Byron ‘Boss’ Johnson

Byron ‘Boss’ Johnson as the Premier of British Columbia
Byron ‘Boss’ Johnson as the Premier of British Columbia.

(December 10, 1890 – January 12, 1964)

Victoria Capitals (1910-1911)
Vancouver Lacrosse Club (1913; 1915)
Vancouver Athletics (1914)

Although now remembered as British Columbia’s 24th Premier from 1947 to 1952, in his younger days ‘Boss’ Johnson also had a brief stint as a pro lacrosse goalkeeper for Vancouver.

Born in Victoria to Icelandic parents, his nickname ‘Boss’ was not reflective of his personality temperament but rather stemmed from his heritage. The anglicisation of his original Icelandic birth-name, “Björn” – or “Bjössi”, is roughly translated as ‘Little Björn’ – or in English: ‘Little Byron’. Neighbourhood children couldn’t pronounce Bjössi; the closest to it they could get was Boss. So ‘Boss’ he became.

Johnson was an extremely good athlete as a boy and he was eager to excel in all forms of sports he played – for example, rugby is noted as one of his interests – but it was lacrosse that became his primary focus and first love on the playing field. After playing lacrosse for various teams at the scholastic level, he turned senior with Victoria Capitals in the Pacific Coast Amateur Lacrosse Association before then making the jump to professional in 1913, playing parts of three seasons for an assortment of Vancouver squads.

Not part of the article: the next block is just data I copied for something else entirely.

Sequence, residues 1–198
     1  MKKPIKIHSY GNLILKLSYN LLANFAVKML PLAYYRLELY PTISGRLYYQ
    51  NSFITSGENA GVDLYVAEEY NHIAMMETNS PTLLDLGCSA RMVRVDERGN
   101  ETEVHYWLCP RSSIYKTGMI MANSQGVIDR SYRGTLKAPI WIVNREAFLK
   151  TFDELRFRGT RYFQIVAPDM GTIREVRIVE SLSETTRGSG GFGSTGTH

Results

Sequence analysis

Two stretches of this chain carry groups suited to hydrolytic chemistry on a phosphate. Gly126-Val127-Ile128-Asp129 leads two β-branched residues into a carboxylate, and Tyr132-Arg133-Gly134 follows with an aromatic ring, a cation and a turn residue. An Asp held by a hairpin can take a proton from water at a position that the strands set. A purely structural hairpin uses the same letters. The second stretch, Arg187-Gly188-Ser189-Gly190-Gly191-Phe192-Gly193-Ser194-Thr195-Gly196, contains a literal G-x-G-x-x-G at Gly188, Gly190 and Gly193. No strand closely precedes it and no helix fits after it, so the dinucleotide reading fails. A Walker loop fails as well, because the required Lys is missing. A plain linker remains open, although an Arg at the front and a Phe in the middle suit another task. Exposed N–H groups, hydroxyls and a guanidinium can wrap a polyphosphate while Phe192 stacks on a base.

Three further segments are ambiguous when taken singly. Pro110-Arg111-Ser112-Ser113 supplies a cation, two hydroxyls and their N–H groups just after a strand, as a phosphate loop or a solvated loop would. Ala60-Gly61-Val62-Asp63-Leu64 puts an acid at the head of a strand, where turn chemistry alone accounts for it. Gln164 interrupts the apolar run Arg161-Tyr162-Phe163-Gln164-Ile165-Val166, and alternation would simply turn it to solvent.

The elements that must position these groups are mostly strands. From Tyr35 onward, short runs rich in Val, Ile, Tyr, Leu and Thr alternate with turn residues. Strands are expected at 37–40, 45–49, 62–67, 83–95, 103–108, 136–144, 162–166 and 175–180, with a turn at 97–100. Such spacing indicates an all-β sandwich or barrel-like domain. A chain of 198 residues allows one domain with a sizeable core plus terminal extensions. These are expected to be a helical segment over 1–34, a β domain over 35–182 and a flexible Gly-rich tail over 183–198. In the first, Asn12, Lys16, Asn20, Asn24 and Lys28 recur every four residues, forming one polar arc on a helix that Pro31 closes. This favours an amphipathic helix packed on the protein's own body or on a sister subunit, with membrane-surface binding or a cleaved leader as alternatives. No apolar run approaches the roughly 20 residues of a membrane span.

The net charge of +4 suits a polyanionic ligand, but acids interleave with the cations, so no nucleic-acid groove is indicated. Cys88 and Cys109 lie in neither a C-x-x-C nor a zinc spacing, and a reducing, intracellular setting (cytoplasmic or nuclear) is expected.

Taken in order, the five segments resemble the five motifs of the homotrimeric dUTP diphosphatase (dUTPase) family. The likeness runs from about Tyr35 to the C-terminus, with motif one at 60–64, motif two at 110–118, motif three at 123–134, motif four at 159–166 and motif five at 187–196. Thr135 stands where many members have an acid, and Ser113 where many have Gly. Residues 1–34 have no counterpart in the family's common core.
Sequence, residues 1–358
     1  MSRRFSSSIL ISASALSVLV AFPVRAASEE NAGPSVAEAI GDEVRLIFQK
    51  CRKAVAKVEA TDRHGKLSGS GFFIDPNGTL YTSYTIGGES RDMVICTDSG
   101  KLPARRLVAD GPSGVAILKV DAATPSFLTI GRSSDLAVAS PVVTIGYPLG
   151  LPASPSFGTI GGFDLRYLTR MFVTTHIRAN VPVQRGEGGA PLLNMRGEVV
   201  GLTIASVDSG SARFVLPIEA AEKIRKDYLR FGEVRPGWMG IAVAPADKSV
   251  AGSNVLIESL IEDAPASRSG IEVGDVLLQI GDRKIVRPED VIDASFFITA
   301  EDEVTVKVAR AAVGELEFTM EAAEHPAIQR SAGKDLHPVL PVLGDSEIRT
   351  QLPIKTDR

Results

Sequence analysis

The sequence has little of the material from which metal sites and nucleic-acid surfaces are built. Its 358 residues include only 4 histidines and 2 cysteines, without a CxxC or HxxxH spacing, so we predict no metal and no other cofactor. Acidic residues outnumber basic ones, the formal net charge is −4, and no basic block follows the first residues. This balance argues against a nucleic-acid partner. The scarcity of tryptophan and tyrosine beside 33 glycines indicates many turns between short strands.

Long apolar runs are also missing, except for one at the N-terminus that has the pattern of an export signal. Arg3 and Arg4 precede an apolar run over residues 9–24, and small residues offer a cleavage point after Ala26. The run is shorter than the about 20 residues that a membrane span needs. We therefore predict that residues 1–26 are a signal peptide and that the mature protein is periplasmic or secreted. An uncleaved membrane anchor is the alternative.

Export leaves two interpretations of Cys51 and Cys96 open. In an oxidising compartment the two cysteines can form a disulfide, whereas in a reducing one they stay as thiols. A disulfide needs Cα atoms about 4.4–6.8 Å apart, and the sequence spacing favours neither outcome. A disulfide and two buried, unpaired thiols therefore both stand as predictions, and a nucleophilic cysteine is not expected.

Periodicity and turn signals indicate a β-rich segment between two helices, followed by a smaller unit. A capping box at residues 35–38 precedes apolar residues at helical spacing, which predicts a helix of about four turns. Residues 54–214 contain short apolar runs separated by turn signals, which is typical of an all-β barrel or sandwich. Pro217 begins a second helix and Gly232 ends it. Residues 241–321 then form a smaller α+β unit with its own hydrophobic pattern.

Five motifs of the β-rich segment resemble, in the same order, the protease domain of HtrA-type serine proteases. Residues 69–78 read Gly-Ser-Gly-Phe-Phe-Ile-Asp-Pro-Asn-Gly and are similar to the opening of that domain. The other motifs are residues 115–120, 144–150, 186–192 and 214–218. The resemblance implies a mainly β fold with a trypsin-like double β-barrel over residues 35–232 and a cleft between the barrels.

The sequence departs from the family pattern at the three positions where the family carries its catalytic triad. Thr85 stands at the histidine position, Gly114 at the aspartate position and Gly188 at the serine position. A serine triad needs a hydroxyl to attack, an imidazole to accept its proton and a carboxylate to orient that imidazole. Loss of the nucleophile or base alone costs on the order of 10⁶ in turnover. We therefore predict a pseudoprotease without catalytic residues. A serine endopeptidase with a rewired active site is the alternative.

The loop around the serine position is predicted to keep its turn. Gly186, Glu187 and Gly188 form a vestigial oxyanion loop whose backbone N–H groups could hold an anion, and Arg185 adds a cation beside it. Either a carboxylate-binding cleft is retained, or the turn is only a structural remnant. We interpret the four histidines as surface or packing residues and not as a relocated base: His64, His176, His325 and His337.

The signing of ‘Boss’ Johnson in 1913 was big news in his hometown of Victoria. Here he appears in the Victoria Daily Colonist.
The signing of ‘Boss’ Johnson in 1913 was big news in his hometown of Victoria. Here he appears in the Victoria Daily Colonist.

He signed with the Vancouver Lacrosse Club late in the 1913 season as a replacement for the future hall-of-fame goalkeeper Cory Hess. Con Jones was keen on the Victorian youngster and spent the better part of two months pursuing the reluctant keeper. Johnson tried out for Vancouver at the end of June and won unanimous praise from the likes of national stars such as ‘Newsy’ Lalonde and Nick Carter, in their opinion harder to beat than ‘Bun’ Clark, one of the best in the land at the time.

Finally Jones managed to induce him to sign when he offered him a 10-game contract paying $1200, but ‘Boss’ only managed to play in 2 matches before league play collapsed and folded for that year.

Whether by coincidence or by design, Johnson made his debut in the first professional match ever played in his hometown of Victoria – narrowly losing 5-4 to the New Westminster Salmonbellies at Oak Bay.

When Johnson signed to play professional lacrosse, he was one of the most prominent and popular sports figures in Victoria and it was a major blow to the Victoria senior lacrosse team and its hopes in fielding a team that year capable enough to challenge for the Mann Cup. As well, the local rugby team would suffer on the field from the loss of its star fullback now that ‘Boss’ was prevented from participating in amateur sports of any sort.

‘Boss’ Johnson then switched ships in 1914, debunking rumours in the process that he would go East to play for the Québec Irish-Canadians of the Dominion Lacrosse Union, when he signed with the Vancouver Athletic Club. The 1913 Mann Cup champions decided to take their game to the next level, departing the senior ranks for the professional game as a replacement for the now-defunct Vancouver Lacrosse Club – with ‘Boss’ Johnson replacing yet another future hall-of-fame goalkeeper, Dave Gibbons, in the process.